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Health Secretary hails scheme that sees patients receive IV drugs at home

Bed days in the NHS have been reduced by more than 45,000, thanks to a scheme which gives patients IV drugs in other settings, including at home (Lynne Cameron/PA)
Bed days in the NHS have been reduced by more than 45,000, thanks to a scheme which gives patients IV drugs in other settings, including at home (Lynne Cameron/PA)

A new scheme that allows patients to receive IV drugs to treat infections outside of hospital – and sometimes even at home – is being further expanded after new figures showed it has cut NHS bed days by 45,000 so far this year.

The Out-Patient Antimicrobial Therapy (Opat) service – which is backed by £50 million of Scottish Government funding – allows people to be treated at home or in other out-patient settings, thereby reducing the need for hospital admission or long stays.

It currently operates in nine of Scotland’s 14 health board areas, but Health Secretary Humza Yousaf has said he wants to see the service “adopted across as many health boards as possible”.

Health Secretary Humza Yousaf said the Scottish Government was ‘determined’ to build on the success of the scheme (Andrew Milligan/PA)

He spoke as figures published by the Scottish Antimicrobial Prescribing Group show that between January 17 2022 and August 21 2022 an average 250 people per week have been treated by the Opat service.

This has saved the NHS in Scotland more than 45,000 hospital admission bed days.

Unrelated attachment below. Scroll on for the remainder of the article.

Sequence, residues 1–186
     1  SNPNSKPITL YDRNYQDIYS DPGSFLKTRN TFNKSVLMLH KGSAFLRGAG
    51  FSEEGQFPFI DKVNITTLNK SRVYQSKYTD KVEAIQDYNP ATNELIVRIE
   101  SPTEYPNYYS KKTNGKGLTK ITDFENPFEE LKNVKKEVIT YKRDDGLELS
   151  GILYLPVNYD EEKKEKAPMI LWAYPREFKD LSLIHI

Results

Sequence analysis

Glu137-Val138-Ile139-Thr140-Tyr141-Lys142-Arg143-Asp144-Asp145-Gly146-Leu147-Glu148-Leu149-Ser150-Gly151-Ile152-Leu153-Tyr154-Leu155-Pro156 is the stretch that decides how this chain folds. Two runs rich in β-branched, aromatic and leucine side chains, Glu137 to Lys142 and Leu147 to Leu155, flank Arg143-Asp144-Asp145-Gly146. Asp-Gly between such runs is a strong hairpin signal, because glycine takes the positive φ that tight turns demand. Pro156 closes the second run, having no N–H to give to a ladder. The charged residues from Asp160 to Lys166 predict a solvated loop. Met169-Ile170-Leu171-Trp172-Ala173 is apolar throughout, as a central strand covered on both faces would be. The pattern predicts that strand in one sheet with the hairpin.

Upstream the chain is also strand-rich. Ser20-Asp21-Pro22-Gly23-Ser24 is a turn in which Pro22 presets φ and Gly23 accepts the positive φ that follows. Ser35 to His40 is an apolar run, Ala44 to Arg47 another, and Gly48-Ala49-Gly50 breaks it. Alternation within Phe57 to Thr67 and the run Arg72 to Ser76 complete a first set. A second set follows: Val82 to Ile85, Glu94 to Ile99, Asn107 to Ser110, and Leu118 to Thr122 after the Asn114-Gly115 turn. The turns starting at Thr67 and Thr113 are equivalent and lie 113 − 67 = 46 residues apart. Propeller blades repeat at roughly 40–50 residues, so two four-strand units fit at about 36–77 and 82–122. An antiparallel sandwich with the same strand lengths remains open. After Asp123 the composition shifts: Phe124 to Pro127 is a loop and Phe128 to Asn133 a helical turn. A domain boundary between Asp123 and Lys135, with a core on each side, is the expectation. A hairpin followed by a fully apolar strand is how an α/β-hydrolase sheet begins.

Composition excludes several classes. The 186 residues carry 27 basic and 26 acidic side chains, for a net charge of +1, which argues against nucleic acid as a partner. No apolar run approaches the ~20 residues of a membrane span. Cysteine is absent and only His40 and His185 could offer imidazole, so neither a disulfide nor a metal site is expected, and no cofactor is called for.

Antimicrobials treatments include drugs such as antibiotics, antivirals, and antifungals, and are used to prevent and treat infections.

Speaking about the scheme, Mr Yousaf said: “We know there is a real benefit to treating people at home where possible.

“We are determined to build on this success and want to see this approach adopted across as many health boards as possible.”

With hospital accident and emergency services under “significant pressure” the Health Secretary added ministers were “working at pace to deliver this scheme, and others like it, to provide more care in the community while reducing pressure on hospitals”.

Dr Andrew Seaton, chair of the Scottish Antimicrobial Prescribing Group and Consultant in Infectious Diseases, said: “Hospitals are under significant pressure as we try to recover from the effects of the Covid pandemic and there is a real need for initiatives to support recovery and promote different ways of caring for our patients traditionally managed in hospitals.

“Opat is an excellent example of how nurses, pharmacists and doctors can work together to provide high-quality patient-centred care without the need for a hospital bed.

“The focus now on further developing virtual capacity and new ways of working with support across Scotland for initiatives like ours is very welcome.”